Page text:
‘CONCLAVE’: The ‘China Times’ ran a story on the minesweeper program without verifying it, the Presidential Office said, demanding a correction and an apology
By Sean Lin and Chen Wei-han / Staff reporters
Chinese Nationalist Party （KMT） Legislator Ma Wen-chun （馬文君） yesterday accused the Presidential Office of pressuring the Ministry of National Defense to pay Ching Fu Shipbuilding Co （慶富造船） NT$2.4 billion （US$79.52 million） months before the budget was set to be allocated so the company could carry out phase three of its plan to build minesweepers for the navy.
At a news conference at the Legislative Yuan in Taipei, Ma played a video showing Ching Fu vice president Chen Chih-wei （陳志偉） apparently telling Kaohsiung Marine Bureau Director-General Wang Tuan-jen （王端仁） and Fisheries Agency officials during a meeting on Oct. 7 last year that the ministry had initially turned down his request for payment and told him to wait until March, when the budget was to be approved.
Chen said in the video that he took the matter to the Presidential Office, as the ministry should have made the payment in September last year.
“Two days later, the Ministry of National Defense called me and said that they had received the money, which shows that the Presidential Office fully supports the project. Otherwise, it would turn out to be very ugly,” Chen said in the recording.
The video also showed Chen telling the officials that the project could affect subcontractors Lockheed Martin and the “largest companies in Italy and the US” if Ching Fu’s main competitor, CSBC Corp, Taiwan （台船）, tried to seize the bid by renting Kaohsiung’s Singda Harbor for an extended period of time.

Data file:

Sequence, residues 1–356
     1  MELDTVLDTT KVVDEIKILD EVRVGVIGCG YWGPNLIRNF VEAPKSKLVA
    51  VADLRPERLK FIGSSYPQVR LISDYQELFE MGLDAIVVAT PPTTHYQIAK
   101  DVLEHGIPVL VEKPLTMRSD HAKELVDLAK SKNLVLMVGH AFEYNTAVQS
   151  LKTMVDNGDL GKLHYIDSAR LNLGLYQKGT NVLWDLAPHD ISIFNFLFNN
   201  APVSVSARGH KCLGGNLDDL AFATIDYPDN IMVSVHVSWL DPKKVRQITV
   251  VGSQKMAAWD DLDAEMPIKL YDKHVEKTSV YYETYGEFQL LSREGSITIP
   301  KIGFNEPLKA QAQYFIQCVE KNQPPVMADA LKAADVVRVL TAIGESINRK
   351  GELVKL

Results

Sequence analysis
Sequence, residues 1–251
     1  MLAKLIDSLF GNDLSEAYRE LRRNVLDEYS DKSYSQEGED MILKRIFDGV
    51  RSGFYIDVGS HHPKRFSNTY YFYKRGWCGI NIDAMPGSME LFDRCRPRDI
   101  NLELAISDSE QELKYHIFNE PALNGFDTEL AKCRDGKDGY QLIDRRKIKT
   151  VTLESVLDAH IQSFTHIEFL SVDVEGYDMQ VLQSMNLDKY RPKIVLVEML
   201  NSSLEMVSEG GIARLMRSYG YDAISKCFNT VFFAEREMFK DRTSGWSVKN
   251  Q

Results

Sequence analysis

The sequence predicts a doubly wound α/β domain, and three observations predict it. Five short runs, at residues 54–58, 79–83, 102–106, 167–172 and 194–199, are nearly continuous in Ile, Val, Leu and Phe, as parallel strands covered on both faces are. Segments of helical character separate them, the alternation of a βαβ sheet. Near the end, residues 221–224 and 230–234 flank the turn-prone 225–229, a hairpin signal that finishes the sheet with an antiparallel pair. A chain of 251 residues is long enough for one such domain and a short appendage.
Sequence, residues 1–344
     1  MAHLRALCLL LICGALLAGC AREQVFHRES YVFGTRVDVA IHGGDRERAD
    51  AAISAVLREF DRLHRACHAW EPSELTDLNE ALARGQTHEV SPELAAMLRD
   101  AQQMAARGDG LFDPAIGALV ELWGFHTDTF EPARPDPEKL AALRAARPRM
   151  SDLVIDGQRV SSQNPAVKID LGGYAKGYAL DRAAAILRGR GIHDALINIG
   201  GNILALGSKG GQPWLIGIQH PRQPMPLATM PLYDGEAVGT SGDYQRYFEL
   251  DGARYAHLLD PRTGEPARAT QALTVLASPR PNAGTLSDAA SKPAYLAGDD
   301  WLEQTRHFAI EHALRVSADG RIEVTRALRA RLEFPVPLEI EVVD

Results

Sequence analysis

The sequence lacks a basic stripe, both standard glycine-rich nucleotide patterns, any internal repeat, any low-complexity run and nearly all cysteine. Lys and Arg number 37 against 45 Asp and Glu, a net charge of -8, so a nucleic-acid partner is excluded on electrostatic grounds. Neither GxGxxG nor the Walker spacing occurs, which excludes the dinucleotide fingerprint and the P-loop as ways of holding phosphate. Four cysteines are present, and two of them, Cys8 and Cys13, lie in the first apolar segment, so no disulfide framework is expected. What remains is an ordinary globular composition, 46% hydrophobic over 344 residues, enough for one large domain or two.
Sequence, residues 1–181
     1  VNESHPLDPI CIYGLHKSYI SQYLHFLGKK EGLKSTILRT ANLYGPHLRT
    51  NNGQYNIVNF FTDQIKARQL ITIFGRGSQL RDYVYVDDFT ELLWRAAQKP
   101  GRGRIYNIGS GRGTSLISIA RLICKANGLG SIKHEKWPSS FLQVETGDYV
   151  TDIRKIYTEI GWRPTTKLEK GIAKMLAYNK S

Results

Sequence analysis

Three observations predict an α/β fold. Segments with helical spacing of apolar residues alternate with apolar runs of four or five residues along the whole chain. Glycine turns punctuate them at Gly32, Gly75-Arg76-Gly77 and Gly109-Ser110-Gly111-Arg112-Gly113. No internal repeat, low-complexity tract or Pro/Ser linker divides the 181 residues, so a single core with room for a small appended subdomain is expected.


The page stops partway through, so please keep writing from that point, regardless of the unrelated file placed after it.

It also showed Chen requesting assistance from Wang to help Ching Fu secure space in the harbor so it could construct a shipyard to build minesweepers.
Ma said she obtained the recording from an informant, adding that the “conclave” was held at Ching Fu’s headquarters in Kaohsiung.
She accused the ministry of having committed a serious violation of the Budget Act （預算法） by paying Ching Fu from funds it had earmarked for other items.
The office had likely engaged in influence-peddling, considering the unusually short time it took the ministry to come up with the money, Ma said.
Meanwhile, Wang told reporters at the Kaohsiung City Council that he had helped Ching Fu secure space at Singda Harbor to help the government’s project to locally build warships and revitalize the harbor.
Kaohsiung Deputy Mayor Hsu Ming-chun （許銘春） denied that Wang had done anything illegal, saying that although his tone during the meeting could have sounded “too worldly” and therefore controversial, the bidding process for the construction site for the shipyard had been carried out according to the law.
The office denied the allegation that it had pressured the navy to pay Ching Fu.
The office said it did not and will not intervene in the minesweeper program, which is overseen by the defense ministry.
The Chinese-language China Times ran a report of Chen’s claim without first verifying its validity, which has damaged media integrity and misguided public opinion, the office said, demanding an immediate correction and apology from the newspaper.
The navy also said that the NT$2.4 billion was a contractual payment that had to be made when Ching Fu completed the hull construction of the first minesweeper.
The company completed the hull ahead of schedule on Sept. 27 last year, and submitted two payment requests on Nov. 28 and Dec. 6, the navy said.
The timeline contradicts Chen’s claim made during the meeting with Wang on Oct. 7 last year, which was before the company submitted any payment request, the navy said.
“The Democratic Progressive Party [DPP] plans to conduct a thorough investigation of the case and bring all officials suspected of illegal activities to justice,” DPP Legislator Liu Chao-hao （劉櫂豪） said.
“However, we have to condemn media outlets that make up sensationalized coverage to misdirect the public,” he added.